Peter Reekie considers Jewelcraft Ltd v Pressland, in which the Court of Appeal has clarified what is a ‘house’ for the purposes of enfranchisement under the Leasehold Reform Act 1967.
When is a shop not a shop? In the context of enfranchisement, the answer is: when it’s a house.
When it was enacted, the Leasehold Reform Act 1967 (LRA 1967), broadly, gave tenants of houses the right to buy the freehold, providing a number of eligibility criteria were satisfied. They included low rent and low value tests, and a residency test for the tenant. Over the years, these three criteria were largely removed by amending legislation.
Subject to certain exceptions, for the tenant to qualify, there are now, very broadly, three main requirements in the LRA 1967 (although there are other requirements in certain circumstances). In outline, they are as follows.
• There must be a long tenancy. A long tenancy is one granted for a term certain exceeding 21 years, but there are certain exceptions.
• The tenant must have held the lease for at least the last two years.
• It must be of a ‘house’ as defined.
Although the legislation is quite complex, in practice, it is this last criterion that effectively prevents such premises as offices and hotels from being subject to enfranchisement (see the Supreme Court decision in Hosebay Ltd v Day; Lexgorge v Howard de Walden Estate  UKSC 41). However, this still leaves some properties where there is doubt about whether they are ‘houses’ under the legislation. The key issue is the wording in section 2(1) of the LRA 1967 which, when defining a house, uses the phrase ‘any building designed or adapted for living in and reasonably so called’.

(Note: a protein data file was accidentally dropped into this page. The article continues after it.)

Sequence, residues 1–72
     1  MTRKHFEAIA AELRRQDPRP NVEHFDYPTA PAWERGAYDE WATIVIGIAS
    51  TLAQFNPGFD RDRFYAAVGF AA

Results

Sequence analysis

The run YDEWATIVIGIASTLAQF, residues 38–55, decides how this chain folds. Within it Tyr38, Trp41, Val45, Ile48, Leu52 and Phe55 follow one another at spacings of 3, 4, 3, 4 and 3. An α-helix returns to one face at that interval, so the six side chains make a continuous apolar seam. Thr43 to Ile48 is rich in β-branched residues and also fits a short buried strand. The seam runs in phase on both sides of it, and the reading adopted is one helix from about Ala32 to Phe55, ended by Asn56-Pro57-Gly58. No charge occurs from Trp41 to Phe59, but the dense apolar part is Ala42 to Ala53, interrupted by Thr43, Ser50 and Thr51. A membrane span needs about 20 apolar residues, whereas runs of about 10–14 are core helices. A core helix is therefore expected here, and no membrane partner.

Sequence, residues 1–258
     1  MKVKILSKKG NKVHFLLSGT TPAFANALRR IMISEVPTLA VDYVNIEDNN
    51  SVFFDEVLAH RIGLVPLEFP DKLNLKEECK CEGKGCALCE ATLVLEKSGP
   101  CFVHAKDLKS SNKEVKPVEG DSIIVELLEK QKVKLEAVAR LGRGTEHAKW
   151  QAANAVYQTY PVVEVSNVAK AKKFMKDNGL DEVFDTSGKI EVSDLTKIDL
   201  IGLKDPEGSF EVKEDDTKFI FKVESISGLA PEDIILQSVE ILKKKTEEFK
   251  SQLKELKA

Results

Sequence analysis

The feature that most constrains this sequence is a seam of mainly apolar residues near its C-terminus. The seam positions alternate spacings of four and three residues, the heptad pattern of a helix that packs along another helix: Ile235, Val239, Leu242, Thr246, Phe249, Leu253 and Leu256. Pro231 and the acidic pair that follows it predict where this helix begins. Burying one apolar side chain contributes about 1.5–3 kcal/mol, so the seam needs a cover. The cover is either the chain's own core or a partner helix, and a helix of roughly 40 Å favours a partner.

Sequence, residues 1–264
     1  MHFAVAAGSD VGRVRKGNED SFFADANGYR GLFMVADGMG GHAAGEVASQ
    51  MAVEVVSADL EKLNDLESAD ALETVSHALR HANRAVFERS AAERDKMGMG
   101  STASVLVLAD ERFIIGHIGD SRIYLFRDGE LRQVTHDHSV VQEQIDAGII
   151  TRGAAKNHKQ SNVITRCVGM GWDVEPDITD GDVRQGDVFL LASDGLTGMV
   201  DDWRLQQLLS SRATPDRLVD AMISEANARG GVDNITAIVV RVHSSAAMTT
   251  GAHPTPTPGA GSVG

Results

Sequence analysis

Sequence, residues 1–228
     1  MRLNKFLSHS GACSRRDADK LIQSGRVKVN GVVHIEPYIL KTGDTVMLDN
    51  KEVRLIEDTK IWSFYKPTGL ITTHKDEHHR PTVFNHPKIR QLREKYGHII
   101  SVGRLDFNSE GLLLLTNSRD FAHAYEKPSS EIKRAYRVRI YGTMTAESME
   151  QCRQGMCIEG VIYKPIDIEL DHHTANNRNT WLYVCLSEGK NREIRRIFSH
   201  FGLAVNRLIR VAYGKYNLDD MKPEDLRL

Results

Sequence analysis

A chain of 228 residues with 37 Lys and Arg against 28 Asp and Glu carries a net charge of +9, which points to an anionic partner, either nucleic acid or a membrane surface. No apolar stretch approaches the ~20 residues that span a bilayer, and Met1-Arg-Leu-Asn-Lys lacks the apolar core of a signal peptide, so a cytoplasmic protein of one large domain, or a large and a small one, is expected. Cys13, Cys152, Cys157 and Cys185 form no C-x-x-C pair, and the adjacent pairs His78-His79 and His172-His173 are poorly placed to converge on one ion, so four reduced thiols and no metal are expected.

In our case this month, Jewelcraft Ltd v Pressland  EWCA Civ 1111, the building consisted of a purpose-built ground floor shop with a flat on the first floor. It was part of a parade of shops built in the 1920s. Originally there was an internal staircase between the two floors, but this had been removed and replaced by an external staircase in the back yard. The floor spaces of the flat and the shop were roughly equal. The building had been let on a 99-year lease now owned by the claimant company tenant. The whole premises had been sublet to Martin Newsagents Ltd.
Lord Justice Patten, giving the judgment of the Court of Appeal, held that claims to enfranchise buildings comprising shops with accommodation above should not be dismissed, because the building is, ‘as a matter of ordinary speech, best described as a shop’. He pointed out that Tandon v Trustees of Spurgeon Homes  AC 755 had established that shops with accommodation above, as a matter of law, can reasonably be described as ‘houses’ within section 2(1) provided that ‘a material part of the building is designed or adapted for and used for residential purposes on the relevant date’. Further, in Hosebay, the Supreme Court had explained the decision in Tandon as one that turns on user rather than appearance. He went on to say:
‘County Court judges will doubtless be adept at dismissing cases where the conversion of part to residential user is not genuine or substantial or where the premises are not of the type which, as a matter of policy, Parliament intended to fall within the 1967 Act. A block of offices with a caretaker’s flat would be such a case. But, these cases apart, there ought to be no warrant from now on for distinguishing between similar types of building solely on the basis of their external appearance or their internal layout.’
The decision is a welcome clarification of the application of the LRA 1967 to mixed-use premises that will, no doubt, particularly please many tenants.